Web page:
Sgt. Stryker here. If you’ve ever given the military much though, it’s probably been about seeing action or actual battle. A big part of the military’s role (in my very humble opinion) is to help those who need help. Of course that decision is made by those in charge of the government, but for the most part, they do a pretty good job of picking out groups of people and countries who can really use the help of the US military. While it’s great to have a powerful military, it’s also good to have a useful military.
If you look at the roles of soldiers around the world, you’ll see that a lot of them are in helping roles. Oh, there are still plenty of places that battles are the only way to get things done to help bring the peace (witness Afghanistan), but there are also a lot of areas where the military is actively helping people instead of getting into gun fights or killing the enemy. From Afghanistan to Africa to Iraq and beyond, there are literally thousands of US troops that are out in the world helping people from many different nations.
Sometimes when the mass media looks at the military, they only see the mess-ups or the action. Big media never seems to see the little things that the military does to help each and every day. If they started to concentrate on that more than trying to find mistakes, people might actually start to realize how well run the US Military really is. I’m not sure why the big media companies would be against something like that, but it appears they are. If you agree, write your local media and demand that they start carrying more positive stories about the military and the great job they’re doing around the world.
Let me know how they respond.
Sgt. Stryker out.
Adventure PT’: Team-building With a Few Twists
From left, Staff Sgt. Kenneth J. Ciszek, a communications sergeant with the operations team for 82nd Airborne Division Headquarters, and his teammate, Capt. Evan Hessel, a battle captain with the “The Team,” push a tire as a team nearly four miles up and down hills during a customized morning physical training session dubbed “adventure PT,” April 23. The session involves two-man teams who must paddle a canoe nearly six miles down river before donning a rucksack and body armor and pushing a light medium tactical vehicle tire almost four miles up and down hills in the early morning. Photo by Spc. Benjamin Watson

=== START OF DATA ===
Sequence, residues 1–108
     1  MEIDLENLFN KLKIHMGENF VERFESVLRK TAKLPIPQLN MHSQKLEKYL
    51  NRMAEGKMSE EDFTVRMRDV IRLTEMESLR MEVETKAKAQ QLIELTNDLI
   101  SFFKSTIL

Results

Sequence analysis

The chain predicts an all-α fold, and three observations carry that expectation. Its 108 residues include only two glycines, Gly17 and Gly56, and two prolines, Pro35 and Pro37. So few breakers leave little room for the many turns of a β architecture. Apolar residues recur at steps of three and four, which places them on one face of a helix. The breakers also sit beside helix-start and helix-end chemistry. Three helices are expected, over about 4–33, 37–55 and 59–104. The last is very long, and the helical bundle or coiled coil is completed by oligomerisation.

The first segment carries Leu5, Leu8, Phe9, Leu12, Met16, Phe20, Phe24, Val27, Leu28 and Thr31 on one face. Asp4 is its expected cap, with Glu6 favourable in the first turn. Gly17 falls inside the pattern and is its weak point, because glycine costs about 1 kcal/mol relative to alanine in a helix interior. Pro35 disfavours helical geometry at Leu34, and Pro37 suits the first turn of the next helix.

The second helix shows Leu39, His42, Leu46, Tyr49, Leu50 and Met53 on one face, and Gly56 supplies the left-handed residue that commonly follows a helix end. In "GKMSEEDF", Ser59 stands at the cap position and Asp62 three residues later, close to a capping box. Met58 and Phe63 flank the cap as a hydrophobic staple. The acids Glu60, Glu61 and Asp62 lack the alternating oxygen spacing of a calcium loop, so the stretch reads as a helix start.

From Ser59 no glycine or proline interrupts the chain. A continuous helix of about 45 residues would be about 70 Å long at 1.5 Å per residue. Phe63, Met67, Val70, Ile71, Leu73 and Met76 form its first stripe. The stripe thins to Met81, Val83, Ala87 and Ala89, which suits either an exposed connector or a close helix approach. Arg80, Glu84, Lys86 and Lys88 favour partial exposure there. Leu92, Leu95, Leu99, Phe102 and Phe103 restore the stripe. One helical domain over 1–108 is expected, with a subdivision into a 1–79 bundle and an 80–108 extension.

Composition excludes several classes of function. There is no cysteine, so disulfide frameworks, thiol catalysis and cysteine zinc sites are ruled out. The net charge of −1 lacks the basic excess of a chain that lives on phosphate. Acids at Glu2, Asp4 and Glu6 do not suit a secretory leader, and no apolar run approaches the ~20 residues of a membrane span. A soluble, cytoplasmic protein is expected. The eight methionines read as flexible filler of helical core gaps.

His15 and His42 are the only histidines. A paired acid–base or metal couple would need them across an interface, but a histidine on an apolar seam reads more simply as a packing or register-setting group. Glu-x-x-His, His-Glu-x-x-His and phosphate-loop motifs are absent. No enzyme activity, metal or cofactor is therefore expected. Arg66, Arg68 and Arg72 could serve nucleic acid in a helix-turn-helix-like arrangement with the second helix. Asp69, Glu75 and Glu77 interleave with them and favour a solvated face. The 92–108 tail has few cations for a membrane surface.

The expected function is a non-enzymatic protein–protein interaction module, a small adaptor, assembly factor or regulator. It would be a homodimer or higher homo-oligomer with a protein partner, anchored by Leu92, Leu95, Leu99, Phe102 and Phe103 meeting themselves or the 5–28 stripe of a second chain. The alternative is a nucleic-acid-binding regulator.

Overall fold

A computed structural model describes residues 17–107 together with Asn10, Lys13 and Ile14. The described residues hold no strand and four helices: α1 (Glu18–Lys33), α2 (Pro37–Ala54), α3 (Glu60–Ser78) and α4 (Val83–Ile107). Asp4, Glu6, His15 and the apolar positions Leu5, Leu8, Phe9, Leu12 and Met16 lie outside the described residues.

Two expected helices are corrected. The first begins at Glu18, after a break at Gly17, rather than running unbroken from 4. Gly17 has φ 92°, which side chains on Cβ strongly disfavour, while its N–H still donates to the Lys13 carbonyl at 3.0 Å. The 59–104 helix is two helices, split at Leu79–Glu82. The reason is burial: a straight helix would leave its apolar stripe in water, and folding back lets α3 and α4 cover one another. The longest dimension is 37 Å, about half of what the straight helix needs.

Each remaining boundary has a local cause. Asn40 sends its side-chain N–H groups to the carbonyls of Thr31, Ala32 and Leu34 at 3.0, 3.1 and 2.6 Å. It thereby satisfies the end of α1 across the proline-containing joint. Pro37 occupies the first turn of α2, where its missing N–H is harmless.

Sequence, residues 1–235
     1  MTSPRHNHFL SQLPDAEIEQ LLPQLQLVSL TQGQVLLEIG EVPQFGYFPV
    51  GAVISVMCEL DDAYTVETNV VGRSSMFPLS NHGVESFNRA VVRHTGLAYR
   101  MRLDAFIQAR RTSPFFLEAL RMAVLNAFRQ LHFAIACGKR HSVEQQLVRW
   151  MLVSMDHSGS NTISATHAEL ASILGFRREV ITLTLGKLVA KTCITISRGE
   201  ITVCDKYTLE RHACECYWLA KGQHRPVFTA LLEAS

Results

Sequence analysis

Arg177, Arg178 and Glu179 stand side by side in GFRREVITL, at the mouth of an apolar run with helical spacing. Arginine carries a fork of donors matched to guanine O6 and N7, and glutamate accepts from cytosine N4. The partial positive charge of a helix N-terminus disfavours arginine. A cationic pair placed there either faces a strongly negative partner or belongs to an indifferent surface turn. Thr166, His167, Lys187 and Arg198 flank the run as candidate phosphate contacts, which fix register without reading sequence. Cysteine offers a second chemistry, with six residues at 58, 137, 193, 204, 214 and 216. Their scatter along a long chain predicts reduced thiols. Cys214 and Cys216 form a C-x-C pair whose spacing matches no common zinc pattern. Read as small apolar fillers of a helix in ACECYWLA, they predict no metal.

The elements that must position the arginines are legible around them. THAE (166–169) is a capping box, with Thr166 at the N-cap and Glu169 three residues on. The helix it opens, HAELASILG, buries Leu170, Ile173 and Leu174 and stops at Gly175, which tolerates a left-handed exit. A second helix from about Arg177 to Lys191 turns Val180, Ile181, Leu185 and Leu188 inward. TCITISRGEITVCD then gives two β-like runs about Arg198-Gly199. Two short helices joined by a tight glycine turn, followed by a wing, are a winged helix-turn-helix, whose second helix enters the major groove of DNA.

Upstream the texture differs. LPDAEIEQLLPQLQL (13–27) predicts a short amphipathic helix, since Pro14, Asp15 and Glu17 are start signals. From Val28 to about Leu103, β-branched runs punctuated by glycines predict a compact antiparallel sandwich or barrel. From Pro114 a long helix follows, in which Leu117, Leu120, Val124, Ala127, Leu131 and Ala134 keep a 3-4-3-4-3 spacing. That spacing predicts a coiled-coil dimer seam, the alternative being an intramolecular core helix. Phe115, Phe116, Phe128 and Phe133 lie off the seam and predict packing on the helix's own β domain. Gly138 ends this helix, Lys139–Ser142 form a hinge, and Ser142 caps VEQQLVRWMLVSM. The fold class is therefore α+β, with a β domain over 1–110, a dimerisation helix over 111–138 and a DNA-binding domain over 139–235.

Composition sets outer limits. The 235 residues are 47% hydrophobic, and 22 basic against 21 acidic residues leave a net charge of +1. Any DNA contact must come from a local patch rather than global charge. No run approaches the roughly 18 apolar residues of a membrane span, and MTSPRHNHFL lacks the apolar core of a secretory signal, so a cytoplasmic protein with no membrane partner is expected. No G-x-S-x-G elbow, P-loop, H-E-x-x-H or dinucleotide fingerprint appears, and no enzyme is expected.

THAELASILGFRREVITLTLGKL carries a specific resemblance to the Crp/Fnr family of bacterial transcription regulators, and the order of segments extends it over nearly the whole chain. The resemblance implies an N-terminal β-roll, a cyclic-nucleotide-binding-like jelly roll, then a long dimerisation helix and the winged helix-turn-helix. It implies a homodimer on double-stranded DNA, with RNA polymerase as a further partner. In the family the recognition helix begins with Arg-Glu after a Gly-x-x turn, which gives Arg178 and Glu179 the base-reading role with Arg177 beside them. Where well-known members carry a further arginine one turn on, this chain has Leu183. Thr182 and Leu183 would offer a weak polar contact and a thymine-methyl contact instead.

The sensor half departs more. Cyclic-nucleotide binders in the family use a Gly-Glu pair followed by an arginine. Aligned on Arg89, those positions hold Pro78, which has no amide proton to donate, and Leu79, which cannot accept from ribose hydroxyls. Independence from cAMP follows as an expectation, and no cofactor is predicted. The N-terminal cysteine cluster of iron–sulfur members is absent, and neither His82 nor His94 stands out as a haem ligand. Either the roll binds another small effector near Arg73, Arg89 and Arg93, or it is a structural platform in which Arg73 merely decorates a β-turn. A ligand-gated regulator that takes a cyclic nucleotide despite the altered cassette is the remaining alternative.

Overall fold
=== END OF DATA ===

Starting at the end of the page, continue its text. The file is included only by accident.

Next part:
From left, Capt. James G. Repshire, a battle captain in the operations team for 82nd Airborne Division Headquarters, along with his teammate, Lt. Col. Robert J. Neitzel, chief of operations for the 82nd Abn. Div., push a tire as a team nearly four miles up and down hills during a customized morning physical training session Neitzel calls “adventure PT,” April 23.
School Assessment in Baghdad
U.S. Soldiers from 1st Battalion, 5th Cavalry Regiment, 1st Cavalry Division, patrol the streets near a neighborhood school in Adhamiyah, Baghdad, Iraq, on Feb. 26. Photo by Spc. Joshua E. Powell
Lightning Within Five
A storm rolls into Bagram Air Field, Afghanistan, April 20. The 455th Expeditionary Operations Support Squadron, combat weather team, uses a variety of techniques to predict weather. They use of a Mark IV satellite and visual reference to determine type and severity of storm to better prepare personnel on BAF to maintain mission effectiveness. Rainstorms are frequent this time of year and have the ability to change the landscape to include rivers and streams. With the lack of drainage systems, floods occur regularly throughout the southeast region of Afghanistan. Precipitation in east and southeast regions is about forty centimeters per year. Photo by Senior Airman Erik Cardenas
Iraqi Police Graduation in Mahmudiyah
Iraqi policemen march in formation during their graduation from an instructor school in Mahmudiyah, Iraq, April 24. These policemen will instruct other Iraqi police officers on proper weapons handling throughout Iraq. Photo by Petty Officer 2nd Class Robert J. Whelan
U.S. Air Force Capt. Richard Martin, center, attached to the Rough Riders, 91st Battalion, Task Force Dragon, congratulates an Iraqi policeman at a graduation ceremony in Mahmudiyah, Iraq, April 24. Photo by Petty Officer 2nd Class Robert J. Whelan
U.S. Air Force Capt. Richard Martin, center, attached to the Rough Riders, 91st Battalion, Task Force Dragon, reads a graduation certificate at an Iraqi police graduation ceremony in Mahmudiyah, Iraq, April 24. The Rough Riders are responsible for instructing Iraqi policemen how to safely aim and fire their weapons. The policemen being taught will instruct other Iraqi police officers throughout Iraq. Photo by Petty Officer 2nd Class Robert J. Whelan